International Financial Centres after the Global Financial Crisis and Brexit

ISBN : 9780198817314

Youssef Cassis; Dariusz Wojcik
256 ページ
156 x 234 mm

As well as marking the tenth anniversary of the collapse of Lehman Brothers and the consequent unleashing of the global financial crisis, 2018 is also the year of negotiations on the terms of the UK's exit from the European Union. Within a decade the banking world has witnessed two epochal events with potential to redraw the map of international financial centres: but how much has this map actually changed since 2008, and how is it likely to change in the near future? International Financial Centres after the Global Financial Crisis and Brexit gathers together leading economic historians, geographers, and other social scientists to focus on the post-2008 developments in key international financial centres. It focuses on the shifting hierarchies of New York, London, Paris, Geneva, Zurich, Frankfurt, Singapore, Hong Kong, Beijing, Shanghai, and Tokyo to question whether Asian financial centres have taken advantage of the crisis in the West. It also examines the medium-effects of th


1 Youssef Cassis: Introduction: A Global Overview from a Historical Perspective
2 Richard Sylla: New York: Remains a, if not the, Pre-eminent International Financial Centre
3 Richard Roberts: London: Downturn, Recovery and New Challenges - but still Pre-eminent
4 Laure Quennouelle-Corre: Paris: The Possibility of Revival as an International Financial Centre
5 Eike W. Schamp: Frankfurt: A Tale of Resilience in the Crises
6 Tobias Straumann: Zurich and Geneva: The End of the Golden Age
7 David R. Meyer: Hong Kong, Shanghai, and Beijing: China's Contenders for Global Financial Centre Leadership
8 Karen P.Y. Lai: Singapore: Connecting Asian Markets with Global Finance
9 Sayuri Shirai: Tokyo: Still Below its Potential as a Global Financial Centre
10 Dariusz Wojcik and Theodor F. Cojoianu: Conclusions: A Global Overview from a Geographical Perspective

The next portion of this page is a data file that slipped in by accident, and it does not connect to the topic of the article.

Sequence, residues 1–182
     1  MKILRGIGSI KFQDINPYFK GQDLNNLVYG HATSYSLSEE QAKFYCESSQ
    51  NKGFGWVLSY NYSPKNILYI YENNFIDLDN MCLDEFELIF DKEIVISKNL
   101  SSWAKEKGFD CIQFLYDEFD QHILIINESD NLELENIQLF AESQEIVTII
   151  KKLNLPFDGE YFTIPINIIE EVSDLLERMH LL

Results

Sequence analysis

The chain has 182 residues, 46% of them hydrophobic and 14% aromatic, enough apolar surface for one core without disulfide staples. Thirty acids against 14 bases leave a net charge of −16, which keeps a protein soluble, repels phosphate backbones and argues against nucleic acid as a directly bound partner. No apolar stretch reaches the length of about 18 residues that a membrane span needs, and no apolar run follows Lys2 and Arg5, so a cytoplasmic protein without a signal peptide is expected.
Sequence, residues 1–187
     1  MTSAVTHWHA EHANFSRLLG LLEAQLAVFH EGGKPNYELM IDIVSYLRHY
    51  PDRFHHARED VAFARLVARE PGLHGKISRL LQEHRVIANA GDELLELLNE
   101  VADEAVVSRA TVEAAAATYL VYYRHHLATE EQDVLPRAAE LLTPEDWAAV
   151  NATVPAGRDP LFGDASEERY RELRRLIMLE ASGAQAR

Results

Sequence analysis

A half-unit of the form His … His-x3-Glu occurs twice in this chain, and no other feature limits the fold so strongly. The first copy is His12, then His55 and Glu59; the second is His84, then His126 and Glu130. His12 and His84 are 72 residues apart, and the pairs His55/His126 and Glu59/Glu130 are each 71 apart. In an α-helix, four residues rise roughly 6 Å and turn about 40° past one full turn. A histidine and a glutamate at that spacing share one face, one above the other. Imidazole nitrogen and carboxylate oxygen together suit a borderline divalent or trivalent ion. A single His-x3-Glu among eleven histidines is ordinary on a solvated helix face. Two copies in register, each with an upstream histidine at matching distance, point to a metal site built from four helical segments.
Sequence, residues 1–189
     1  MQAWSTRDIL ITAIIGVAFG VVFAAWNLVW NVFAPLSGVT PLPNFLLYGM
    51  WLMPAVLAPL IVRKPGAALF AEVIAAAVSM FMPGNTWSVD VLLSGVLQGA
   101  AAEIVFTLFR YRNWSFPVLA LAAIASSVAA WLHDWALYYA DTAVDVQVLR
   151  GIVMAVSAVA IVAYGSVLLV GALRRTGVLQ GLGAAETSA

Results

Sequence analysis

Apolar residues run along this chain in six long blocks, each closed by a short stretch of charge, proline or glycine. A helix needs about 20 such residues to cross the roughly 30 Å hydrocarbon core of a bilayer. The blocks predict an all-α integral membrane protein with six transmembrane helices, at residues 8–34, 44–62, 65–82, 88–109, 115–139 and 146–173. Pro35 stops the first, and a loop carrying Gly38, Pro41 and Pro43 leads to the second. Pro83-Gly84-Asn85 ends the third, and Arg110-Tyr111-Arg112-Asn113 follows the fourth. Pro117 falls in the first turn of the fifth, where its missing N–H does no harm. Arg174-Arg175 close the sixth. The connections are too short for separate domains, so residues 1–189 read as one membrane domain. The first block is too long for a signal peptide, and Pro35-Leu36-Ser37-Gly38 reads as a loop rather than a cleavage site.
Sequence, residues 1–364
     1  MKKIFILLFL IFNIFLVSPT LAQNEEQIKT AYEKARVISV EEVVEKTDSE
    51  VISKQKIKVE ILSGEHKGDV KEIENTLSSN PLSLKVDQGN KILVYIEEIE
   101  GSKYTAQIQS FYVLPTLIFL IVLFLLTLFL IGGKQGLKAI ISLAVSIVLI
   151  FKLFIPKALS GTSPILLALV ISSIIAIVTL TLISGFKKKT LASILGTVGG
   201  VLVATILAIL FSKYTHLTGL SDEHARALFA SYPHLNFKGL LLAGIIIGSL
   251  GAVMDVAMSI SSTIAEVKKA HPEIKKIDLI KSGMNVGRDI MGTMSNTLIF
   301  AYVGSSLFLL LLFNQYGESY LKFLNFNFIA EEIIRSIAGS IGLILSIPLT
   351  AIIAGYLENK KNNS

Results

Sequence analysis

Youssef Cassis is Professor of Economic History at the European University Institute, in Florence. His work mainly focuses on banking and financial history, as well as business history more generally. His most recent publications include Capitals of Capital: A History of International Financial Centres, 1780-2005 (Cambridge University Press, 2006, 2nd revised edition, 2009), Crises and Opportunities: The Shaping of Modern Finance (OUP, 2011), and, with Philip Cottrell, Private Banking in Europe: Rise, Retreat and Resurgence (OUP, 2015). He has also recently co-edited, with Richard Grossman and Catherine Schenk, The Oxford Handbook of Banking and Financial History, (OUP, 2016). Professor Cassis was the cofounder, in 1994, of Financial History Review (Cambridge University Press).; Dariusz Wojcik is Professor of Economic Geography at the School of Geography and the Environment, Oxford University, and Fellow of St Peters College Oxford. His research focuses on finance, globalization, and urban and regional development. He has published several books and over fifty articles, and serves on the editorial board of Economic Geography, the Journal of Economic Geography and GeoJournal. His recent books include The Geography of Finance: Corporate Governance in a Global Marketplace (OUP, 2007) and The Global Stock Market: Issuers, Investors and Intermediaries in an Uneven World (OUP, 2011). He is the co-editor of the New Oxford Handbook of Economic Geography (OUP, 2018). He has held visiting positions at the London School of Economics and Political Science, Hong Kong University, National University of Singapore, Beijing Normal University, and the University of Sydney, and convened the Global Conference on Economic Geography 2015.